Thanks to Ed Holly, images thanks to Ed Holly
Ed Holly and Rod Kennedy recently packed up their Elans and took a yearly pilgrimage to Winton for the Austin 7 Club’s annual Historic Winton race meeting. He’s kindly shared a few tales from the road trip, which you can enjoy below.
A Long Drive
Rod and I just completed our sixth yearly Winton drive this past weekend. Both cars behaved faultlessly over the 1164 miles recorded from home to home. Our first road trip was in 2015 and we’ve done it every year since, except last due to COVID.
Leaving Sylvania BMW where we met, at 0450 (Friday) our first stop was Goulburn for fuel and a Maccas refreshment, then Cooma via the Braidwood road where fuel topped up again. A quick stop at Bombala to recheck with locals the state of the Delegate to Orbost road and then to Delegate, the road here was very nice.
Delegate – I am pretty sure I found the garage that caused me to get the biggest belting from my Dad ever. Rod and I spoke to the third generation owner mechanic of the local garage there at length. I remember getting on a tractor and pushing and pulling levers and pedals and it rolled forward, hit a Mk2 Zephyr causing the engine which was sitting in the engine bay to fall over etc etc not pretty. That was about 65 years ago, I was about 7 or 8. Had a very ordinary burger from the “award winning” Delegate café for lunch.
Leaving Delegate the sign said 108km with that wiggly line representing very windy road! I reckon the longest straight bit was not longer than a hundred yards over those miles. Surrounded by huge trees, the 12km of dirt was a bit harsh and corrugated, but the Elans took it in their stride. Eventually Orbost smooth roads and Lakes Entrance for the overnight. 442 miles covered (712km)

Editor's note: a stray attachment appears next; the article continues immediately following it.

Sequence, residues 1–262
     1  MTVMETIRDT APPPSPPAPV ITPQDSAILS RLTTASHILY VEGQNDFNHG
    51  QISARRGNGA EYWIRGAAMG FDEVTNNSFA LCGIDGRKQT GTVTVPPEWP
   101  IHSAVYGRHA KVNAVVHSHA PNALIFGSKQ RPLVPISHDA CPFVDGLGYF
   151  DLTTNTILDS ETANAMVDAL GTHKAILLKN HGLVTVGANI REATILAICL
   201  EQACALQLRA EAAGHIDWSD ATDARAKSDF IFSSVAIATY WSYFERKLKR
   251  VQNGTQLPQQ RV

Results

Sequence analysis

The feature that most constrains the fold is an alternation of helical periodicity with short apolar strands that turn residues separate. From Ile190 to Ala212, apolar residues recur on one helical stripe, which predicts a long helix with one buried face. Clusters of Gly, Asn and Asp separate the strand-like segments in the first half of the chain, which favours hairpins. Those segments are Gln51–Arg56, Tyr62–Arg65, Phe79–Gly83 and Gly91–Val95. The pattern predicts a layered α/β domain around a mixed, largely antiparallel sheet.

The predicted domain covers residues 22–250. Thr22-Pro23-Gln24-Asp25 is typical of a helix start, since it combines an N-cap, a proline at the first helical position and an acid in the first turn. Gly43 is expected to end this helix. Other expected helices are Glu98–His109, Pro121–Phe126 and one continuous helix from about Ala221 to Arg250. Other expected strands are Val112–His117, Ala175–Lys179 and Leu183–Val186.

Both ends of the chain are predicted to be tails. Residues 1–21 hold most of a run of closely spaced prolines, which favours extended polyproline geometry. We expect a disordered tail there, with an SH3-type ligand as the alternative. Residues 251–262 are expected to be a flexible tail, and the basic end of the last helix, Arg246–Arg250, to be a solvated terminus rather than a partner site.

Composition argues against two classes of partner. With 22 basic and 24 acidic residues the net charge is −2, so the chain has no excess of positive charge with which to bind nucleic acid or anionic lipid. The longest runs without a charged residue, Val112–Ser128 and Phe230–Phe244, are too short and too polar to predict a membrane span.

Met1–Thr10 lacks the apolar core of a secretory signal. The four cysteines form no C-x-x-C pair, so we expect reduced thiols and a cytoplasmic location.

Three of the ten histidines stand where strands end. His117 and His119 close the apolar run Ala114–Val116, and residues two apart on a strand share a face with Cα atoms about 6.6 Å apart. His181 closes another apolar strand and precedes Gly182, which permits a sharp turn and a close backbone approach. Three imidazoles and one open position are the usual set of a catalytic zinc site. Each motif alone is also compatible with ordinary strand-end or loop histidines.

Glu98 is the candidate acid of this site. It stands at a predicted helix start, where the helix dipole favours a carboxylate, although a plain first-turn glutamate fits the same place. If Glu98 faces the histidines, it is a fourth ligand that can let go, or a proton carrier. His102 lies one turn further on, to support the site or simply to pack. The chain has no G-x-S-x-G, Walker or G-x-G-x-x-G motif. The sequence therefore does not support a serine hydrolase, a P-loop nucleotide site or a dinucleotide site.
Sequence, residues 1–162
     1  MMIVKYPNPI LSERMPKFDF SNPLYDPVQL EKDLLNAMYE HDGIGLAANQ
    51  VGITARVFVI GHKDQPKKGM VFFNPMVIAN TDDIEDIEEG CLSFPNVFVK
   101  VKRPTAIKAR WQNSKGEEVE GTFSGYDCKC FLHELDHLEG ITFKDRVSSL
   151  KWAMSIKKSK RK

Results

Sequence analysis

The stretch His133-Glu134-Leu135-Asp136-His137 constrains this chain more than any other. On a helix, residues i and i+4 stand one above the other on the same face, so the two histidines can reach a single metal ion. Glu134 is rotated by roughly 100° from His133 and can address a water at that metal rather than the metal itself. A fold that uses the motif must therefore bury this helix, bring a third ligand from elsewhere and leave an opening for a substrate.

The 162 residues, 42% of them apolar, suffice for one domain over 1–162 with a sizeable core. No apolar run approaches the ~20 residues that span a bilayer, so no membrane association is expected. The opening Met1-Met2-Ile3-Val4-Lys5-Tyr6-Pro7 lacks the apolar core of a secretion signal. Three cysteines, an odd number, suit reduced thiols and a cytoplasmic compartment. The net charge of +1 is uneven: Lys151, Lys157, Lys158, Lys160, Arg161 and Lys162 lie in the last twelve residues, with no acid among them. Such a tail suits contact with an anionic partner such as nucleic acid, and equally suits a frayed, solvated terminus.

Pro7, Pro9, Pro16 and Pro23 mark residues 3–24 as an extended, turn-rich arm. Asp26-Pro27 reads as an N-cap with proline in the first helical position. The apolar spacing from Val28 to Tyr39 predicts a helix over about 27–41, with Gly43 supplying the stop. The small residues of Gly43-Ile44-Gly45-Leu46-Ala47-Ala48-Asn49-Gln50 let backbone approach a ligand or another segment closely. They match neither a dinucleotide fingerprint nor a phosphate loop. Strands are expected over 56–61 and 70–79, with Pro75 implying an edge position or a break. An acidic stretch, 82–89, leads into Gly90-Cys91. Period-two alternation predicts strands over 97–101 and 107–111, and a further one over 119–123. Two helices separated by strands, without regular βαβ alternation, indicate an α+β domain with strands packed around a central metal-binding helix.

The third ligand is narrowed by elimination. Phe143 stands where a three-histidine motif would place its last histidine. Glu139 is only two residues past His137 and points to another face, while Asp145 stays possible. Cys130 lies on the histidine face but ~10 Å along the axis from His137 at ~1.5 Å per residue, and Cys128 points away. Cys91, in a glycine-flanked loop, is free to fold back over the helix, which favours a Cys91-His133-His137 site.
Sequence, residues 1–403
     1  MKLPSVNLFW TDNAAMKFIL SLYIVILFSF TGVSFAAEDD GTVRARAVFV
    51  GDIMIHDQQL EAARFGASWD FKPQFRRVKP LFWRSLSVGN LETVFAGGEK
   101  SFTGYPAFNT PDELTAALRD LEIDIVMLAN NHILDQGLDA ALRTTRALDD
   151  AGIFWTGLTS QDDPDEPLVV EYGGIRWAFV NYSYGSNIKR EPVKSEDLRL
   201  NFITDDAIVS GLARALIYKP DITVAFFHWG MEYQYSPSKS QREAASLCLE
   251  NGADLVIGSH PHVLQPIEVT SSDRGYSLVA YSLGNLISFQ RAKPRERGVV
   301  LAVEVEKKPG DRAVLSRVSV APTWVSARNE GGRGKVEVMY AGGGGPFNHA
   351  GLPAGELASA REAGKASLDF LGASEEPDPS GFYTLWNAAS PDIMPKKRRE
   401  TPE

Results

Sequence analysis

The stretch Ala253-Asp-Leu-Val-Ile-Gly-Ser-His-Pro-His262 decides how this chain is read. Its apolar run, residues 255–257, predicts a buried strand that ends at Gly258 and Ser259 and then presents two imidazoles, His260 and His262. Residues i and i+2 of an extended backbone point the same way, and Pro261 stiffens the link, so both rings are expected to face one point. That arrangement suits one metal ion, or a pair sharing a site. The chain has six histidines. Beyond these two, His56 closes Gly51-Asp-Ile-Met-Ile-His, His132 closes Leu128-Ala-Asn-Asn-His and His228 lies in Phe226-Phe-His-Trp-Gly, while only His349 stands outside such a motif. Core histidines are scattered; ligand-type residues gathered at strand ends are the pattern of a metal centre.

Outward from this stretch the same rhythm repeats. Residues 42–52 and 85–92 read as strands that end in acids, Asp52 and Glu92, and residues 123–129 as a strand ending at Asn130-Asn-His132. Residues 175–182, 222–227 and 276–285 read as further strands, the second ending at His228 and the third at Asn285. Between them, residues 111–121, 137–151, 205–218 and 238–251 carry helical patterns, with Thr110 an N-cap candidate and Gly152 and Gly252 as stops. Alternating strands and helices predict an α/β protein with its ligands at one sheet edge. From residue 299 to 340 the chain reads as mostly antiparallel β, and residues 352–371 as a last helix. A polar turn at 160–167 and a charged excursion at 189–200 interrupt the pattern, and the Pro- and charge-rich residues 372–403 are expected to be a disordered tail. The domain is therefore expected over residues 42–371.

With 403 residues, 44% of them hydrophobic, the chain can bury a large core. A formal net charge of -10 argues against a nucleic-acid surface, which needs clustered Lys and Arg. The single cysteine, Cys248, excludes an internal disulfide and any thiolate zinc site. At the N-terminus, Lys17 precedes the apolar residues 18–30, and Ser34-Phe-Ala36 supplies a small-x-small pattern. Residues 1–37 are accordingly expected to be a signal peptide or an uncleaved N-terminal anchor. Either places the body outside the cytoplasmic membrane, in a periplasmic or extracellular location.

The next day was a doddle just up to Wangaratta via lunch at Gapstead winery. But before then via Mt Hotham – what a magnificent place. Unlike other ski fields, the resort is at the top of the mountain. I think Rod said he and Liz have skied there 3 or 4 times, says a very nice place to ski and the resort in the winter is always covered with snow, unlike Thredbo and Perisher where the resort is at the bottom of the mountains.
Sunday – down to the Winton Historic race meeting. Missed out last year as it didn’t run because of COVID. The older traditional fields were strong, some of the more modern categories a bit less so and the spectators seemed a bit less.
Nick in the Repco Holden
We caught up with a lot of guys not seen for a while. One of them, Nick McDonald, was driving his Dad’s Repco Holden – a beautiful 1950s racing car Ian his Dad has owned from 1978 – and won a LOT of races with.
Chatting with Nick he, said he was forgoing the handicap to save the car for the main event as it was leaking water from the head gasket under the Repco HiPower head. I said I had some K-Seal with me and he was welcome to that if he wanted it. Told him it worked a treat on the Skoda motor when it developed a leak to the outside from the head gasket after installing it at the Sharks, when the engine was warm and by Kurnell had stopped and not leaked again. So I gave it to him and he used it.